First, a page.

While one’s teenage years are often marked by fun activities with school friends and the discovery of the kind of person one plans to be, those same years can also be socially draining and brutal for one’s mental health. This is evidenced by new numbers from the EU suggesting that more teens than ever are seeking counseling or psychiatric help since the start of 2020.
This is understandable: the past year has been unprecedented and unrelenting, with people forced indoors for long stretches of time. Teens missing big milestones, missing their friends, and wanting to get back out to their normal lives are compounding these issues with normal teen problems like crushes, bullying, and finding one’s place in the social order.
According to reports from various countries in Europe, hospitalizations of teens for mental disorders is up as much as 80 percent from the start of 2020. In France and Belgium, especially, the numbers are staggering, showing thousands of teens pouring in for consultations. In some hospitals, the numbers have tripled just since last year.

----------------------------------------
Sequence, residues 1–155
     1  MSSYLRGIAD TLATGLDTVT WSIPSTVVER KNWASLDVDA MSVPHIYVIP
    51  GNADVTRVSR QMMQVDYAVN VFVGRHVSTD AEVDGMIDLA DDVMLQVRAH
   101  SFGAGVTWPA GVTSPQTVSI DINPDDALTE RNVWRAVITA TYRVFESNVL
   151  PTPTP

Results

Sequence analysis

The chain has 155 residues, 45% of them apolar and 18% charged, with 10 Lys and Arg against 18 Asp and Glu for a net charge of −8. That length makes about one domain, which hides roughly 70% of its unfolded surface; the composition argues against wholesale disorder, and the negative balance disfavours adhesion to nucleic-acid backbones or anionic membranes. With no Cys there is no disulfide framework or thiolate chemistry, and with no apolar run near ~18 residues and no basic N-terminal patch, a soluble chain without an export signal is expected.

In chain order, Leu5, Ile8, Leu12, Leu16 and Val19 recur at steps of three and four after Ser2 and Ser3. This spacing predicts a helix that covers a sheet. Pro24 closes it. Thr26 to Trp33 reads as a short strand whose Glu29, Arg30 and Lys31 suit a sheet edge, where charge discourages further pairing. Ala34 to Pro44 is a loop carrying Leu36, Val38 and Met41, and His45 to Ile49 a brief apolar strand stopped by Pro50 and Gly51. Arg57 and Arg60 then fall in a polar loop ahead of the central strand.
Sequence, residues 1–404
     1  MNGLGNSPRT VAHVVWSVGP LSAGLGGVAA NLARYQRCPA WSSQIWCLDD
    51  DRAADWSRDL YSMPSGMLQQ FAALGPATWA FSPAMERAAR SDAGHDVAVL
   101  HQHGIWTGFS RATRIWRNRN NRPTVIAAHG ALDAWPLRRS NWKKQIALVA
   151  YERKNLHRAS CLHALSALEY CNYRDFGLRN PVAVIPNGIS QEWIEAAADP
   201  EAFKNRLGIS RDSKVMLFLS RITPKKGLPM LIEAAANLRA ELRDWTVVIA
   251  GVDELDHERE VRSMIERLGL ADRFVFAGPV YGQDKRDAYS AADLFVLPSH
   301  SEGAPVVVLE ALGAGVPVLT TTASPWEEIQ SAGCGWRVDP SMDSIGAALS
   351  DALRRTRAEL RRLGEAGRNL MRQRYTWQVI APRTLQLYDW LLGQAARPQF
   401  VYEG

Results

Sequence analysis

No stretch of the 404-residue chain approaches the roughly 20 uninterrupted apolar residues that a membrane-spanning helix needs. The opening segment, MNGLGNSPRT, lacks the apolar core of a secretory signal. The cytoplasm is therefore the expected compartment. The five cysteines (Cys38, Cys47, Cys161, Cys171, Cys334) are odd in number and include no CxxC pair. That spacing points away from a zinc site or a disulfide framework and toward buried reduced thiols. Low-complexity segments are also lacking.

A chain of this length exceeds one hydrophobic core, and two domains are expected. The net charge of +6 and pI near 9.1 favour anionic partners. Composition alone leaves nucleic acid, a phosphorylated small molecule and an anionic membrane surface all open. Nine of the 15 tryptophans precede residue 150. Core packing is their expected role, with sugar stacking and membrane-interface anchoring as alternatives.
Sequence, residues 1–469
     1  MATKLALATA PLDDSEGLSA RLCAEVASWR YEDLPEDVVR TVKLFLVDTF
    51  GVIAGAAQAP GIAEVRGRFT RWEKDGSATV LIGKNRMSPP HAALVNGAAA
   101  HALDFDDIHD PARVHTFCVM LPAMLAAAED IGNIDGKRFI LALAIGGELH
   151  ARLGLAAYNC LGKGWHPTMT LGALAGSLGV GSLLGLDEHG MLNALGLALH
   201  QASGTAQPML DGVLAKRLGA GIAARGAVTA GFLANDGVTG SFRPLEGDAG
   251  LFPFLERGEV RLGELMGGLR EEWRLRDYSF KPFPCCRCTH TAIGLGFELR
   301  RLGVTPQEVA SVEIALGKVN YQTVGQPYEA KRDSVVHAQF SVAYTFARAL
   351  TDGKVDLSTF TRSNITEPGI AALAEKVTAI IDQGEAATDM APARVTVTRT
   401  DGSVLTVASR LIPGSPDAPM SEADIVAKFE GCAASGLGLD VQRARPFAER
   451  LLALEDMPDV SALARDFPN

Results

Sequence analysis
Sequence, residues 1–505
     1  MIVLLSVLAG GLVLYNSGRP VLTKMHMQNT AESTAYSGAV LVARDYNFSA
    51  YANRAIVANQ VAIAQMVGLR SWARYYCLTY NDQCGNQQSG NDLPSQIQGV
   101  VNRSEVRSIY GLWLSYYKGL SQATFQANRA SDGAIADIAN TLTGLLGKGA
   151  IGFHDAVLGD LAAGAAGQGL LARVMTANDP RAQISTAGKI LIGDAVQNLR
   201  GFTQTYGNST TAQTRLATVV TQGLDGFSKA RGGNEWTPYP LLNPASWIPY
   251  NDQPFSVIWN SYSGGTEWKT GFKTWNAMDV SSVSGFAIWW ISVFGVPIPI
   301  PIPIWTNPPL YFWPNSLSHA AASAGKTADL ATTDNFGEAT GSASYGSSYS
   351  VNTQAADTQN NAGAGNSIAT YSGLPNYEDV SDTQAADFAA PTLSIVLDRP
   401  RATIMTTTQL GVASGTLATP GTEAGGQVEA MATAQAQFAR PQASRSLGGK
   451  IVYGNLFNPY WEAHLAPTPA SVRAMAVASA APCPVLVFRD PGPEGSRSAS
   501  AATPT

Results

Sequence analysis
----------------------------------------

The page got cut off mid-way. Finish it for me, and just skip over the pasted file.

Teens have reported feelings of loneliness, helplessness, and general malaise due to recent events. Other, more serious cases include worsening diagnoses of anxiety disorders, depression, eating disorders, and self-harm. “We have young people who have lost 20kg and whose parents didn’t realise it. The third group is more related to serious depression or even psychosis, with some having a feeling of persecution or paranoia,” says Professor Marie Delhaye of the Erasmus Hospital in Brussels.
Many teens with existing mental conditions have seen them worsen in the last year under the extreme conditions. Staying out of school for months has intensified the symptoms of attention disorders for many young people, several of whom report that they are now finding it almost impossible to focus.
Others who already suffered from anxiety or depression have only found their conditions worsening as they go for months without seeing friends or attending school. Without a set daily schedule to occupy their time, these teens simply sink deeper into their conditions, unable to find the way back out.
This is why it is so important that families take the time to speak with their kids. Help is out there, and no one is alone. If you or someone you know is suffering from mental illness, reach out to a professional for help. There is assistance for those who need it as long as you know where to look.